Slow, slow, slow weekend of TV. Decent "Simpsons" Christmas episode, especially the last act, which felt very "22 Short Films About Springfield," and I liked what I saw of "Family Guy" (especially Stewie's trip through the psychedelic "Sesame Street" pinball game), but most of what I watch in primetime was in repeats.
So instead, I'm going to write about "Saturday Night Live." I know, I know, I'm blogging a dead horse here (very dead horse), but I was a fan for so long and this current season pains me so much that blogging about it is cathartic.
There were exactly three funny things in the episode: Jack Black's "King Kong" song, the TV Funhouse about Jews on Christmas, and the short film with Parnell and Andy Samberg rapping about their trip to see "The Chronicles of Narnia." What do they have in common? All three were written outside the traditional "SNL" creative process, by outside people. If Black didn't write all of the Kong song, he wrote most of it, Robert Smigel writes and produces TV Funhouse on his own, and the Chronicles video (which I've gone back and watched at least three more times in the last 24 hours) was made by Samberg and his buddies from The Lonely Island, who were hired to make films for the show this year.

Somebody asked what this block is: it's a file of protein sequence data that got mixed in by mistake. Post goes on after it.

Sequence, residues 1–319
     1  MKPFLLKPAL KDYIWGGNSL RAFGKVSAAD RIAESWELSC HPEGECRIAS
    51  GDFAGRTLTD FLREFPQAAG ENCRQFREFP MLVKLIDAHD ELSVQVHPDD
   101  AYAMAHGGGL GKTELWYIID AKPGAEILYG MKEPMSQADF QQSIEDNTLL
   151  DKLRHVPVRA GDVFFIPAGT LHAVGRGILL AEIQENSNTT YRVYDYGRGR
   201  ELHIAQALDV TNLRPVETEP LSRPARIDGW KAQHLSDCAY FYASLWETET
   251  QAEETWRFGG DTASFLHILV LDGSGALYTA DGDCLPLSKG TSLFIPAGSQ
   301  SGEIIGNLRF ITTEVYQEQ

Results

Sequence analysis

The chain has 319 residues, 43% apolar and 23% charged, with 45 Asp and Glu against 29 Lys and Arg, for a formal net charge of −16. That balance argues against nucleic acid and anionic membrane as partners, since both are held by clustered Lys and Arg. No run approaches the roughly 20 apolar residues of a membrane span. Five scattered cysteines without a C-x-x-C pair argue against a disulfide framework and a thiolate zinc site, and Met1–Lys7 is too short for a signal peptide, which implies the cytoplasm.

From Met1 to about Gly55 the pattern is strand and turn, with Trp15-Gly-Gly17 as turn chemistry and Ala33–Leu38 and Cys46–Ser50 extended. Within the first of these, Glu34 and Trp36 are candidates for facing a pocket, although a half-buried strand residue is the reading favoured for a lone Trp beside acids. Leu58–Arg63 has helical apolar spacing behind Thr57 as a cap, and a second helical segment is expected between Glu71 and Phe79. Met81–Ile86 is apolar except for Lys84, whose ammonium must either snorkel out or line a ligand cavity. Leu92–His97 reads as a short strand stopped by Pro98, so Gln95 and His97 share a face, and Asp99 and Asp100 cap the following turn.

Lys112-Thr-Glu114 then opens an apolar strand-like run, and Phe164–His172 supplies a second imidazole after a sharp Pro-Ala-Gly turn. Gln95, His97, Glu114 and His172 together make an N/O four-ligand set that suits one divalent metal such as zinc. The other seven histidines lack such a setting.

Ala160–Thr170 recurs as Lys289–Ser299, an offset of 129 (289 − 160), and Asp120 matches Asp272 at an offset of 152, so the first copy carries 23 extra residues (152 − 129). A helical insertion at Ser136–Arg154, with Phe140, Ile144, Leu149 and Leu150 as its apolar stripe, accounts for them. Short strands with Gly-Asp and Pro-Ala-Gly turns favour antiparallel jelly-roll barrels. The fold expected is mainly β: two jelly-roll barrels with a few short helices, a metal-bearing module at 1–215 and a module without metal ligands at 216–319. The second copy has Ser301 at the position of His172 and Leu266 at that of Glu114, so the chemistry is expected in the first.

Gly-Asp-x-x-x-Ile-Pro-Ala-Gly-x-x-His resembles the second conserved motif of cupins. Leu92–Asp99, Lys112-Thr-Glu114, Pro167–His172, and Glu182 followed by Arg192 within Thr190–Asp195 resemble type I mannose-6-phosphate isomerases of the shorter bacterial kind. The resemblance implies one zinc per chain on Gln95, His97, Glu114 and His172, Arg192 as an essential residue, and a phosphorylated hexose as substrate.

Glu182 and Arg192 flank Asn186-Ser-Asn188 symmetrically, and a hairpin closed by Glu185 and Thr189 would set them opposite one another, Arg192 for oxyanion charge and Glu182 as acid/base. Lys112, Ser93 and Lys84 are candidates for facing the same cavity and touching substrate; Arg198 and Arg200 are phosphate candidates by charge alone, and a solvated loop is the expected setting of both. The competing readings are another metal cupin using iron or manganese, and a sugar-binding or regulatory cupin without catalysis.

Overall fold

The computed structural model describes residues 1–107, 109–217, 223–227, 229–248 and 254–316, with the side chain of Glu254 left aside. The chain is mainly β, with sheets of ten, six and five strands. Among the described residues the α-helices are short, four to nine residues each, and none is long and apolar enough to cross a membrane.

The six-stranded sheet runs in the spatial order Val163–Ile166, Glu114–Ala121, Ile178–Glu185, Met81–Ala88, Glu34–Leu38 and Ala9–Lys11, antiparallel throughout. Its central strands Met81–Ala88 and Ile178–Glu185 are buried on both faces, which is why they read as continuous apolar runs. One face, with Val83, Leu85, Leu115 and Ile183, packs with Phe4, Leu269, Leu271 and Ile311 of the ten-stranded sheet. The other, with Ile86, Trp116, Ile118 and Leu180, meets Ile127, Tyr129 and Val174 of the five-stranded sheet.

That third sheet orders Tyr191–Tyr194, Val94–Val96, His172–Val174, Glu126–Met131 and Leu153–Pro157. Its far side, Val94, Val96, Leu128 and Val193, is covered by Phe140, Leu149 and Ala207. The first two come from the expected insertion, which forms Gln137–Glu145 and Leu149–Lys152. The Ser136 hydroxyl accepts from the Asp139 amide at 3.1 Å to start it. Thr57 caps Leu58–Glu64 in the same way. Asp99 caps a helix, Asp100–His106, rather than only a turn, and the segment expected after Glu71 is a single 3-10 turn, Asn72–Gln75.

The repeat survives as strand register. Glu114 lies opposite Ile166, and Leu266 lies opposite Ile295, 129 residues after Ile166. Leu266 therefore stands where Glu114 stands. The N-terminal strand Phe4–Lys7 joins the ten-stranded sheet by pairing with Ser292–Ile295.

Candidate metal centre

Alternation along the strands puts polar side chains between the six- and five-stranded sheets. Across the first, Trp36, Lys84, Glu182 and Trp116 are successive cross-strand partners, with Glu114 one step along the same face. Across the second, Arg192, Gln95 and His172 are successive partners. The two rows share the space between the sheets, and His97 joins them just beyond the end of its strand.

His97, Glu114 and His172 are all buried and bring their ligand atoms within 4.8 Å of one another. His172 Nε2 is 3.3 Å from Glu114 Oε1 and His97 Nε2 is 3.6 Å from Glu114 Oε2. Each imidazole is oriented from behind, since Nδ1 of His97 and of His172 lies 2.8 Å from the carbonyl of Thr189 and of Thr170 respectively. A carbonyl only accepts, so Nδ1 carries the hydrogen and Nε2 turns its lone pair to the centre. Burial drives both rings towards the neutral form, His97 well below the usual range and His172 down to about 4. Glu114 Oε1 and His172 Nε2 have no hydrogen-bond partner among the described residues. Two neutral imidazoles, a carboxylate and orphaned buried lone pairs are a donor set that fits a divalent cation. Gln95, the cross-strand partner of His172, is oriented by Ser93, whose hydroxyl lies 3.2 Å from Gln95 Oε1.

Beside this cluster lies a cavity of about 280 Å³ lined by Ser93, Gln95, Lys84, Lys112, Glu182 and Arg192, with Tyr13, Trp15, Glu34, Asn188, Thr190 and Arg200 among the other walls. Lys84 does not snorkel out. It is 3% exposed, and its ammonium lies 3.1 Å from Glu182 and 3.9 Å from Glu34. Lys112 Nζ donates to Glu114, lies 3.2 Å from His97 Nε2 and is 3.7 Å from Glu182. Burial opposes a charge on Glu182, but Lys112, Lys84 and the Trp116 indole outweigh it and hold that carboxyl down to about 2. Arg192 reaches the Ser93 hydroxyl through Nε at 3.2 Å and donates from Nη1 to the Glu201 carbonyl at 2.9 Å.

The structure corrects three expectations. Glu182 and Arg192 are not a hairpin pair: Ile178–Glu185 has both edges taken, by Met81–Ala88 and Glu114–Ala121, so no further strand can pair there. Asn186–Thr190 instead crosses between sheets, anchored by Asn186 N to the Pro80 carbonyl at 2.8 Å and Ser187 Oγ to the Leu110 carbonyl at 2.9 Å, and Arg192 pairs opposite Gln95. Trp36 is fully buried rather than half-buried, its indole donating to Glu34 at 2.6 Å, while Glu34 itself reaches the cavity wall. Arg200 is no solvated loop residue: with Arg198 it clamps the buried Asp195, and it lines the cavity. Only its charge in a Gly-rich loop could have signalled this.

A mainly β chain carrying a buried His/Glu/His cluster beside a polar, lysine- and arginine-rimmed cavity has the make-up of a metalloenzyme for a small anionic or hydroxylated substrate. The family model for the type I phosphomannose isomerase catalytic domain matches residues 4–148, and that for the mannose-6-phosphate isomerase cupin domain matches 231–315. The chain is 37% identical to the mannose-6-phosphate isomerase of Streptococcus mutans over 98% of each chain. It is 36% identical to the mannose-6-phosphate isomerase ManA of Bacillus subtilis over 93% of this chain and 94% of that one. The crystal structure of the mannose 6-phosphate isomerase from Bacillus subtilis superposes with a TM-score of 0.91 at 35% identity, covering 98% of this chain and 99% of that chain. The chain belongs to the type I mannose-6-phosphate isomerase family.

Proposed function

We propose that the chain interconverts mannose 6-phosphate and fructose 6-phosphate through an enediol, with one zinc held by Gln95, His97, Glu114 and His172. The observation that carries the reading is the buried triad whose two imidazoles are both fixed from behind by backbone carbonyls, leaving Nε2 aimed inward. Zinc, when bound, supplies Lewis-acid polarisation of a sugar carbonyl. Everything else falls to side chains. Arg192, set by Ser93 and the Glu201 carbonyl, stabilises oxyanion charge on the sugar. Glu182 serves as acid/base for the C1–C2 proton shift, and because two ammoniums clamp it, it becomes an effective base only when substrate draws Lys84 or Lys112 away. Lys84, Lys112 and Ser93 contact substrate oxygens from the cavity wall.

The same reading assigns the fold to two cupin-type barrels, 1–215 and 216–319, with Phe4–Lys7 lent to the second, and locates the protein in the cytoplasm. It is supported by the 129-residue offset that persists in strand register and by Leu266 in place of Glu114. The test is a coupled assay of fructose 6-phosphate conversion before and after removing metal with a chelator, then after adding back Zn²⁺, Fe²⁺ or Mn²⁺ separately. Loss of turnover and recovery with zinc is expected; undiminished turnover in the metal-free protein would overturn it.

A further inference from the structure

For a long time now, the only time you know something on "SNL" is going to be funny is when someone's bringing in outside material (Dane Cook doing his stand-up act for the monologue), when it's being produced in advance (the commercial parodies, which are great even when the rest of the show is awful), or both. It's clear that either the talent or the process is badly flawed, and I'd like to believe it's the latter. If Lorne was willing to let a third or a half of each episode be shot on film, or even pre-taped, I think we'd see a radical jump in quality. As it is now, even the season premieres feel like no one bothered to think up sketch premises until Friday afternoon. You still leave enough time in each episode to respond to current events, and to let the actors who work well in front of a live audience do their thing, but you don't keep cranking out 90 minutes of live crap just because that's the way it's always been done.
(And even there, "always" is a relative term. The first year of the show featured regular films by Albert Brooks -- one of which was so long they had to put a commercial break in the middle -- and in the last few years of the Dick Ebersol era, about half of the show was put together in advance, including some all-time classic sketches like Eddie Murphy as Mr. White and men's synchronized swimming with Harry Shearer and Martin Short.)
If you look at the sketch comedy shows that have been outd0ne "SNL" for brief periods -- "The Ben Stiller Show," "Chappelle's Show," some of the early film parodies on "Mad TV" -- you see shows where the writers and producers took their time to make sure every joke was as funny as they could possibly make it, and not just as funny as they could get it by 11:30 p.m. on a Saturday.